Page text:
• In 2016, a dry cleaning com- pany was fi ned $36,000 for improper storage and dispos- al of tetrachloroethylene.
DIRECTORS IN THE HOT SEAT Companies are not the only tar- get for Environment and Cli- mate Change Canada prose- cutions. Directors and officers also attract liability under the new legislative framework. For example: • In 2013, the director of a dry cleaning company was personally fi ned $10,000 for his corporation’s improper storage and containment of tetrachloroethylene.
• In 2015, the director of a dry cleaning company was per- sonally fi ned $15,000 for his corporation’s improper stor- age of tetrachloroethylene and absence of tetrachloro- ethylene-resistant drain plugs.
JAIL SENTENCE Fines are not the only penalties being sought by Environment and Climate Change Canada. In February 2016, for the
fi rst time ever, the owner of a dry cleaning facility received a four-month conditional jail sentence after pleading guilty to contraventions of the Tetrachloroethylene Regula- tions. Dry cleaning businesses operated by the owner had been subject to two previous convictions under CEPA. Envi- ronment and Climate Change Canada investigations over the course of 14 months found improper storage and handling of tetrachloroethylene and tetrachloroethylene waste. In deciding that a jail sentence was appropriate, the Court focused on the owner’s repeated non-compliance despite being made aware of the regulations
and the dangers of mishandling tetrachloroethylene.
Other dry cleaning compan-
ies, and their directors and offi - cers, have also been charged but have negotiated out of court settlements where the charges were not pursued in exchange for negotiated terms. Negotiat- ed terms included attendance at education seminars on dry cleaning operations, posting public notices of non-compli- ance and proper handling prac- tices, and payment to the Envi- ronmental Damages Fund.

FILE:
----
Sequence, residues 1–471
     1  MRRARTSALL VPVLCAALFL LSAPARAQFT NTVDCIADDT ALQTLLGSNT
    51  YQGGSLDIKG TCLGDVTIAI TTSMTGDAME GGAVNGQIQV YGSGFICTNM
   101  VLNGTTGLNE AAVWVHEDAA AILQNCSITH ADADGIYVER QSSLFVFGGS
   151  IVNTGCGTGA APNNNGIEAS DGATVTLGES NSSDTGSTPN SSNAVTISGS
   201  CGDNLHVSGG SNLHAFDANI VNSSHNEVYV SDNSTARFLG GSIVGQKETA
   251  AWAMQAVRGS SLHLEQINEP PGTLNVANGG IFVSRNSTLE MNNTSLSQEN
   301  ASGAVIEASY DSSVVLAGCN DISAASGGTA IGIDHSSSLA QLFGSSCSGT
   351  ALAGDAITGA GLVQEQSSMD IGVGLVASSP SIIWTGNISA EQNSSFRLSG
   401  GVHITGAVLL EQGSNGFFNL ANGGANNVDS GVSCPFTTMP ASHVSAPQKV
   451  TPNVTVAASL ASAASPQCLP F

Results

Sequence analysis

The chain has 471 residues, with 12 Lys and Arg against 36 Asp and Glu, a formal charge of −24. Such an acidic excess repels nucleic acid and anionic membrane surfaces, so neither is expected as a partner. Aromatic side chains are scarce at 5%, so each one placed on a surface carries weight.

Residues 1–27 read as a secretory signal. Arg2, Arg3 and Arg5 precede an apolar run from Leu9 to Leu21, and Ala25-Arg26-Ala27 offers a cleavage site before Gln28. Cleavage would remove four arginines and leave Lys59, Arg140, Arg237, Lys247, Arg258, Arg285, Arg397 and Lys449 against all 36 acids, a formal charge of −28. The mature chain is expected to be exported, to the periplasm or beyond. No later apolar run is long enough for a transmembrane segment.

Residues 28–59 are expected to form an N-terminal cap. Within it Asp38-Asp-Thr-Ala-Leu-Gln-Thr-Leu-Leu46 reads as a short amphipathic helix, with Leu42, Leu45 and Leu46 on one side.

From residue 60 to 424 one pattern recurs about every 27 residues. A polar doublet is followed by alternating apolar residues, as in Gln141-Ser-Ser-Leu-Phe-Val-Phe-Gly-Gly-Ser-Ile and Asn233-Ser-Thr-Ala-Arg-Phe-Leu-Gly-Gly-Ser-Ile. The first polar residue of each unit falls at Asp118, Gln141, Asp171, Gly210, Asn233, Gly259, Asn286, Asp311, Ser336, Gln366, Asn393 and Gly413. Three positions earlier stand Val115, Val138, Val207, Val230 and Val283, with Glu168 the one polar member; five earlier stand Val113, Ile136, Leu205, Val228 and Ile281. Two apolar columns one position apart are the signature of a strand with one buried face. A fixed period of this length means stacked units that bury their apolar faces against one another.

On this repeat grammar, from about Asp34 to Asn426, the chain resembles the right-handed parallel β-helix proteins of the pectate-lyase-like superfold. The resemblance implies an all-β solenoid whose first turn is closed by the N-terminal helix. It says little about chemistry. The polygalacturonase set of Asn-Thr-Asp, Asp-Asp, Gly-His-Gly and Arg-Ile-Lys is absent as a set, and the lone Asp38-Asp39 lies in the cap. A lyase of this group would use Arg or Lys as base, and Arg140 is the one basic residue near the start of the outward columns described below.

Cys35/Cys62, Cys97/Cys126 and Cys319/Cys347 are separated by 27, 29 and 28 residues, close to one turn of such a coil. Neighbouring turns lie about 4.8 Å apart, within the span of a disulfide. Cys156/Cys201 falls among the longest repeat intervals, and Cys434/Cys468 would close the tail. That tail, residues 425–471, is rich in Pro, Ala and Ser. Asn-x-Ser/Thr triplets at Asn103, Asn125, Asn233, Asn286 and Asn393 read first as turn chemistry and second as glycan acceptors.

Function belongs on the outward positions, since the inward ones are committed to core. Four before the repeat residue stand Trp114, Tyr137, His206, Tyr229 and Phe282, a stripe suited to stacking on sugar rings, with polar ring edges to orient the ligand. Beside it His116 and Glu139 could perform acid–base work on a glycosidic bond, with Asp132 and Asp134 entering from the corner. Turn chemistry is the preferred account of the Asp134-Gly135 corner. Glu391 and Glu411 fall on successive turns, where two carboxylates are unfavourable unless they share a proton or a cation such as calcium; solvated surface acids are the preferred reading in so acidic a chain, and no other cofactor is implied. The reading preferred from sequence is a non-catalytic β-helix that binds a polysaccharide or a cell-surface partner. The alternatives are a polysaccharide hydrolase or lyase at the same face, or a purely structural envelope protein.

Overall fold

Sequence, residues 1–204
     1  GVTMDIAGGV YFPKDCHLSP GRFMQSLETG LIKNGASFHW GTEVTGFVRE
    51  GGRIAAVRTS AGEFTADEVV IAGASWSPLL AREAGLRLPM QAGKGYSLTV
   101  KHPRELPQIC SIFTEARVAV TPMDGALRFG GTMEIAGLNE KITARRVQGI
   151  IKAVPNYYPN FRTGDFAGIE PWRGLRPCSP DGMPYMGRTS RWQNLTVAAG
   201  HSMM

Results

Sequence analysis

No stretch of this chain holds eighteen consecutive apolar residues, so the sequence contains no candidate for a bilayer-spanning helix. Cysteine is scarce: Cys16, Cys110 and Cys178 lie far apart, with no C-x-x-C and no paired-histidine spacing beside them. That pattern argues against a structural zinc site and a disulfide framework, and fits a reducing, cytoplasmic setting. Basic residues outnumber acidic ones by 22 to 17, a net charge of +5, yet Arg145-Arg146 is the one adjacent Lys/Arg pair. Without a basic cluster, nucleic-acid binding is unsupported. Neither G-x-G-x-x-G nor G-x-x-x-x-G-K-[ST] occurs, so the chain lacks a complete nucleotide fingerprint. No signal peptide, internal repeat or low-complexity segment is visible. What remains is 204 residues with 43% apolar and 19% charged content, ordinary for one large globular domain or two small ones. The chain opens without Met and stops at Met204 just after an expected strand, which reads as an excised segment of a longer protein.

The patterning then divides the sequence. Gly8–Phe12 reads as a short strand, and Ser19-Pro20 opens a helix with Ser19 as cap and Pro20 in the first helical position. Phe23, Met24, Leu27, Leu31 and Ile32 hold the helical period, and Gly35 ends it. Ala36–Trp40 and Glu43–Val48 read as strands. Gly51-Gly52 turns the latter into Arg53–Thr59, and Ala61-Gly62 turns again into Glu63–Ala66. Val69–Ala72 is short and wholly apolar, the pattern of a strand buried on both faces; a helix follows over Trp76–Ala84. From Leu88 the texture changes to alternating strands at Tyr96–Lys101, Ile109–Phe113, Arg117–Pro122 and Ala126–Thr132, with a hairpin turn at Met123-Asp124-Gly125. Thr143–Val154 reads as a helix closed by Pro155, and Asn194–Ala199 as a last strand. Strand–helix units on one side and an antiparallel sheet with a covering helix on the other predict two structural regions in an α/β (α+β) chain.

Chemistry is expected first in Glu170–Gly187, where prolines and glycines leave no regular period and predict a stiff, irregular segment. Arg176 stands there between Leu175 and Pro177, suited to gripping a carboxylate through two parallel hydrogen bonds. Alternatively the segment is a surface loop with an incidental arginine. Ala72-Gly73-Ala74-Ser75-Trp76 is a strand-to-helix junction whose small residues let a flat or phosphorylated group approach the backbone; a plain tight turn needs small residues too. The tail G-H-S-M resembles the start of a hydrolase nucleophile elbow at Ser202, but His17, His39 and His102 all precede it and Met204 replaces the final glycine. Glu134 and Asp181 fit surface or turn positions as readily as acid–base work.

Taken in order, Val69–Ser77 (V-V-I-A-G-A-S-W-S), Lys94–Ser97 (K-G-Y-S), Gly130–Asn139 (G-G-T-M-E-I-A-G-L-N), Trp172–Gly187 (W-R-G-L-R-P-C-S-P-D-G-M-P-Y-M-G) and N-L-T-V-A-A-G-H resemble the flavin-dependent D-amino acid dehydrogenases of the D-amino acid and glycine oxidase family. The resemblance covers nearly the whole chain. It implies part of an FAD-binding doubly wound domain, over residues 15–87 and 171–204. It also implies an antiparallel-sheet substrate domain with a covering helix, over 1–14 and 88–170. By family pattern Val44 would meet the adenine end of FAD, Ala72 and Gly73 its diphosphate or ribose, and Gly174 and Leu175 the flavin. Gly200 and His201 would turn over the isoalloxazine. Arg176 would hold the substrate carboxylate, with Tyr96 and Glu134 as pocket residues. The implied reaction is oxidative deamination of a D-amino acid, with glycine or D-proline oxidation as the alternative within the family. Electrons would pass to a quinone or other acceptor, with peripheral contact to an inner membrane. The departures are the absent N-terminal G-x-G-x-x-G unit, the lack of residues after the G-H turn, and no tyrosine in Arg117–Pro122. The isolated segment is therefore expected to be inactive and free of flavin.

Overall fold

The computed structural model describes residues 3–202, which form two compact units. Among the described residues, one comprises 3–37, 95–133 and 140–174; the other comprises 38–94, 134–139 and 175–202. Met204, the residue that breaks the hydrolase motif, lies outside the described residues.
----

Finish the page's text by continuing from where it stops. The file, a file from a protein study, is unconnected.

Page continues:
Environment and Climate Change Canada is actively prosecuting dry cleaners for contraventions of CEPA and is seeking the increased penal- ties prescribed by the EEA for convictions. A strong message is being sent by the Court – regulatory compliance must be taken seriously. If not, penal- ties can deprive you not only of your business profits, but potentially your freedom. All dry cleaners should take
the time to protect themselves and their operations by refresh- ing their memories about the requirements for their oper- ations under CEPA, the Tetra- chloroethylene Regulations, provincial laws and municipal bylaws, and ensuring all aspects of the dry cleaning facilities and operations are in compliance.
Jacquelyn Stevens is a partner at Willms & Shier Environmental Lawyers LLP and is certifi ed as a Specialist in Environmental Law by The Law Society of Upper Canada. She can be reached at 416-862-4822 or by email at email@example.com
. Thank you to Anand Srivastava, Articling Student, for his assistance in preparing this update article. www.willmsshier.com
The information and comments herein are for the general information of the reader only and do not constitute legal advice or opinion. The reader should seek specifi c legal advice for particular applications of the law to specifi c situations.
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2016 May/June FABRICARE CANADA 21
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